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The Great Freedom of Aging
Posting Date: 06/04/2012

Betty Haines

When I was a child I was impatient to grow up; but, like most children, I never wanted to get old. When I thought of getting old, I conjured up images of cranky people with wrinkled, frail bodies, slow minds, and little interest in life.

Those images must have come from fairy tales that I loved because I knew very few folks like that. My childhood was filled with interesting, active folks and even the ones that I considered old were fun to be around.

My fraternal grandma, with whom I spent a great deal of time, was spry, happy, and very active for all of her 90+ years. Nonetheless, I never wanted to be old and I often prayed that phrases such as, “You’re only as old as you feel,” “Take care of yourself and you’ll be young forever,” “Age is just a number,” were true.

Now, I no longer care if they are true or false. I count myself lucky to have lived long enough to get old and to realize that my dreaded childhood images old folks were not accurate. At last, I understand, appreciate and enjoy the freedom that comes with aging and I’ve discovered that being old suits me just fine.

I really don’t worry when it takes me a little longer that it used to to remember things. I know that I’ll eventually recall the important stuff. Meanwhile, I have the freedom of not remembering things that used to upset me and forgetting how to hold a grudge.

I don’t see as clearly as I once did and surprisingly that adds to my sense of freedom. I know the wrinkles are there on my face; but, because they don’t come into sharp focus, I have the freedom to ignore them. This lack of sharp focus works with the frustrating habits of family and friends; if I don’t work at bringing these things into sharp focus they don’t seem to matter as much.

My hearing isn’t what it used to be, so I’m free to pretend not to hear when someone says “you have to keep busy,” or “take things slow and easy,” or “act your age.” Another plus of aging is that folks expect my mind to be little foggy; this makes it easier to look blank and pretend not to understand what I find disagreeable.

When it comes to taking advice, I do so only if the advice is something that I intended to do anyway. I’m quicker to question the wisdom and judgment of others and slower to

question my own. Since I know my wants and needs better than anyone else, I’m more qualified to determine what is best for me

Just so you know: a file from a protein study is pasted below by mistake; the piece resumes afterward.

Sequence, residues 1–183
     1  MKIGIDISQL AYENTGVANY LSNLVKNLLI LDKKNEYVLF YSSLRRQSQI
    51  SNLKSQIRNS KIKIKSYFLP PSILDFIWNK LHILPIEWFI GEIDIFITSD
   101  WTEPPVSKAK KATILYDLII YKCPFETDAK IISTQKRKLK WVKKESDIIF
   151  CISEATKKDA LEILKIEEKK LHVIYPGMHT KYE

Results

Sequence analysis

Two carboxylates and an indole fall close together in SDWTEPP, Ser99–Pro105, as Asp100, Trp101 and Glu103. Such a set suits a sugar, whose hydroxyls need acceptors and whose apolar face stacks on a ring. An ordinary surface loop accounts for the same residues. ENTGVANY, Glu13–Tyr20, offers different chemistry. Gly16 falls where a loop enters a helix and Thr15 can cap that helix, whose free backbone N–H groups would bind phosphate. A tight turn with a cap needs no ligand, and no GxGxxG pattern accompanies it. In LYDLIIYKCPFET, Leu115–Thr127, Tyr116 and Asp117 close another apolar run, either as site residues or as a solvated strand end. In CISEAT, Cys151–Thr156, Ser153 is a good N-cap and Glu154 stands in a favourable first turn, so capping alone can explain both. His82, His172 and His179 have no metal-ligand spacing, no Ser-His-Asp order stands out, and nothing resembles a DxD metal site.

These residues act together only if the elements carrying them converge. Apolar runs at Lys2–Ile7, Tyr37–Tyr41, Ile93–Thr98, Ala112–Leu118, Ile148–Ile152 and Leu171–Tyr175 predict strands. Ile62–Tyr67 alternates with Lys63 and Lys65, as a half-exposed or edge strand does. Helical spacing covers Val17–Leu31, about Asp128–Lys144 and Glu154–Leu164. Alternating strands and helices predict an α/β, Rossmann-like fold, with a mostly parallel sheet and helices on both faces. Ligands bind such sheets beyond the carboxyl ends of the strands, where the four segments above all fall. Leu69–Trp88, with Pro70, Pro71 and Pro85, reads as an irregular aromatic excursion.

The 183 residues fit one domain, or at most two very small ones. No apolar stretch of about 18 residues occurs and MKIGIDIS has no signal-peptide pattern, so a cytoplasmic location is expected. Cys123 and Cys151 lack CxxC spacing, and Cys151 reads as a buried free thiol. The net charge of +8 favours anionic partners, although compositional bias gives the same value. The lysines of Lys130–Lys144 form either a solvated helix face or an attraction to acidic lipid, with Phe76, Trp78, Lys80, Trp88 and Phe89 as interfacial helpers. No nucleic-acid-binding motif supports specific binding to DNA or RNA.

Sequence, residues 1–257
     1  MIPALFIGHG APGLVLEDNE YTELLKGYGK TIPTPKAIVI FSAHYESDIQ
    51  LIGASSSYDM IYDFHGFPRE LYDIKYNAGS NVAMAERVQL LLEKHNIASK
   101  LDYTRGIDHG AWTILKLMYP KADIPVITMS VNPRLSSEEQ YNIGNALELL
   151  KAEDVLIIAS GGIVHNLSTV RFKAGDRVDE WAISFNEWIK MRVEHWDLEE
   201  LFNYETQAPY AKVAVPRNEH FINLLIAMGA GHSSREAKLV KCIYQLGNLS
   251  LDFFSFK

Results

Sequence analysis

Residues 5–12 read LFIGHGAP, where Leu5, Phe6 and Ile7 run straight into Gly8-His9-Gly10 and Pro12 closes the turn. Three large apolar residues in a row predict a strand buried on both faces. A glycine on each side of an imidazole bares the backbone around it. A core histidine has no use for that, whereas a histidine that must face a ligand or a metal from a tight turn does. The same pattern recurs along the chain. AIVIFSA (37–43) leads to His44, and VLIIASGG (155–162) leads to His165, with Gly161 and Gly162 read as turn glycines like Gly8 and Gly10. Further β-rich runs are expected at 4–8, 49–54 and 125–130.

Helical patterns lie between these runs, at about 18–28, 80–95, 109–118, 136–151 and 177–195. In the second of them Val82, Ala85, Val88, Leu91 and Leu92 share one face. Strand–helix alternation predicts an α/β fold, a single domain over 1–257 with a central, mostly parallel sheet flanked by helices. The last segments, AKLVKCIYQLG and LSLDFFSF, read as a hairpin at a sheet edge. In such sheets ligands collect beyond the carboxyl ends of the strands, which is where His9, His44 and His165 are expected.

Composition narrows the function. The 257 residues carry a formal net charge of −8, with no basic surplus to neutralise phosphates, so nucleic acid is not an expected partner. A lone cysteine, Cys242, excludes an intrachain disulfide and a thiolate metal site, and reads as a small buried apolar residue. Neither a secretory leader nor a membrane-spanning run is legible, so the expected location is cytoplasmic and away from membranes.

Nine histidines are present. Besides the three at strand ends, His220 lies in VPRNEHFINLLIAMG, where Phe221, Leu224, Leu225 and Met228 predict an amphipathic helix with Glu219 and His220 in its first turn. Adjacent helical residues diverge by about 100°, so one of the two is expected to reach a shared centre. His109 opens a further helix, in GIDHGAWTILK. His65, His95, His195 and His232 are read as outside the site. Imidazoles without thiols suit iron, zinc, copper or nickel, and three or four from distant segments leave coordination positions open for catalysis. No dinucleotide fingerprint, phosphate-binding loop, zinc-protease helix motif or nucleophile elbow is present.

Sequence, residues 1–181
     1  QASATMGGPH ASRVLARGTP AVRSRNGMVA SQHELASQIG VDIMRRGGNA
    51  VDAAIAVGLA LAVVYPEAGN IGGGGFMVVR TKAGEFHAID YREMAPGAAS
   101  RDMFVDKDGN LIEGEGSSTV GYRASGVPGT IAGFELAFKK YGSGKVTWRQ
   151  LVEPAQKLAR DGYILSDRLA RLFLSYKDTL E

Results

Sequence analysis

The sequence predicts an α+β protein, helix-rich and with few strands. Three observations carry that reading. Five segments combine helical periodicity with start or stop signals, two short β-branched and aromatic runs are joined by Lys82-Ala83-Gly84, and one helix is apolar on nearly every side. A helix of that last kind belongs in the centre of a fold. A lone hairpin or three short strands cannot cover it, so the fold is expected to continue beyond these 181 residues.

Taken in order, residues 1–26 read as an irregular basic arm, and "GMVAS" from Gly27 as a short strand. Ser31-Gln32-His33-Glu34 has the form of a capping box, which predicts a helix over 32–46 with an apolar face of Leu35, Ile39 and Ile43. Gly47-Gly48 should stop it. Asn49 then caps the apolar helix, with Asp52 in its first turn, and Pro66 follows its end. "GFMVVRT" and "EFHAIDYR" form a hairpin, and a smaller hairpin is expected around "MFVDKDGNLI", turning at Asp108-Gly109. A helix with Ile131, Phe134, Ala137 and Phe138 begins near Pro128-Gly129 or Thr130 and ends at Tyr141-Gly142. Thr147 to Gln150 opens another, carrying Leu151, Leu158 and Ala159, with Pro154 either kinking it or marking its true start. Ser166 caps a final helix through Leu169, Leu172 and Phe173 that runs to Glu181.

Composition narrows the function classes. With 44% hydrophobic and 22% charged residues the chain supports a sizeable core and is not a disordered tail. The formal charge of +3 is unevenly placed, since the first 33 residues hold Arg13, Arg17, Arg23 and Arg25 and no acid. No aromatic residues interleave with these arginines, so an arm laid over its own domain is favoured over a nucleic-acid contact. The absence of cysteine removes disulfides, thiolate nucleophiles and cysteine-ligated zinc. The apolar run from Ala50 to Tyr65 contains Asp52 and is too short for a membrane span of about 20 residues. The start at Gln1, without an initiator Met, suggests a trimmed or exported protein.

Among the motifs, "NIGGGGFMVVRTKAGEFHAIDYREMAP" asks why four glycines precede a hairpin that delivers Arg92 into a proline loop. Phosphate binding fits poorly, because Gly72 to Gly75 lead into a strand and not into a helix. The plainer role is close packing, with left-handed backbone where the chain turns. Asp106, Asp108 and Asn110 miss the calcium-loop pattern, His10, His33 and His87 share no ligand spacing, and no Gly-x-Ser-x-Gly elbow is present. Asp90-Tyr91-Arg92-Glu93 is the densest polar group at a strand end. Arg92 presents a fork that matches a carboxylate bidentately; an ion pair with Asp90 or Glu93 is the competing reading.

I’m not as demanding of family and friends as I used to be. Sure, in the past some of them have broken my heart; but, my broken heart always mends and the process of mending adds strength, understanding, and compassion to my soul. So, I willing give my friends and family permission to be imperfect and in so doing, I allow myself the freedom to be imperfect, too.

I offer no apology when I choose to read, watch TV, play computer games, or write my column until 4 AM. As for sleeping ‘til noon, dancing with myself to those wonderful tunes of the 50, 60 &70's, or crying my eyes out over a lost love, I do those things whenever the mood strikes. I don’t need anyone’s permission, nor do I worry about what they think.

I’m lucky enough to wear proof of my youthful laughter etched into my face. I know many who died before their faces were etched with that evidence of their living. So I view my laugh lines as reminders of my life experiences – of past fun and triumphs.

I have a news flash for those who cast pitying glances my way as I walk along the beach: I know that my one piece swim suit isn’t very attractive and that it doesn’t quite hide the sags, bags, and bumps that are part of old age and I don’t care. Also, I have a message for those who laugh and whisper “Hope the old girl doesn’t break anything” when they see me attempting to body surf. I pray that you live long enough to get old and I hope you find the freedom to enjoy it as much as I do.

Do I like being old? Hell yes, I do.

I’ve seen the alternative and dying young isn’t a very appealing option. Aging has given me great freedom to be exactly who I want to be and to really like the person I’ve evolved into. I know that I’m not going to live forever; nonetheless, I won’t let that knowledge encroach upon my freedom to enjoy life while I’m still here.

I won’t waste time fretting about what should have been, what could have been, or what the future may or may not hold. I’m gonna enjoy the freedom aging brings; I’m gonna cherish my existing relationships; I’m gonna encourage new relationships; I’m gonna respect your choices and hope you respect mine.

Last, but not least, when given the option to sit it out or dance – I’m gonna dance.

 

Commentary
  • Posted Date: 06/04/2012
    Well written. I could not agree more. Thanks for a good article.
    By: Geno
  •  
  • Posted Date: 06/04/2012
    Insightful, honest and thought provoking for us all. Nice article, Betty.
    By: Reality
  •  
  • Posted Date: 06/05/2012
    Thank you Betty! That article makes me feel young and free!
    By: Susan Lang
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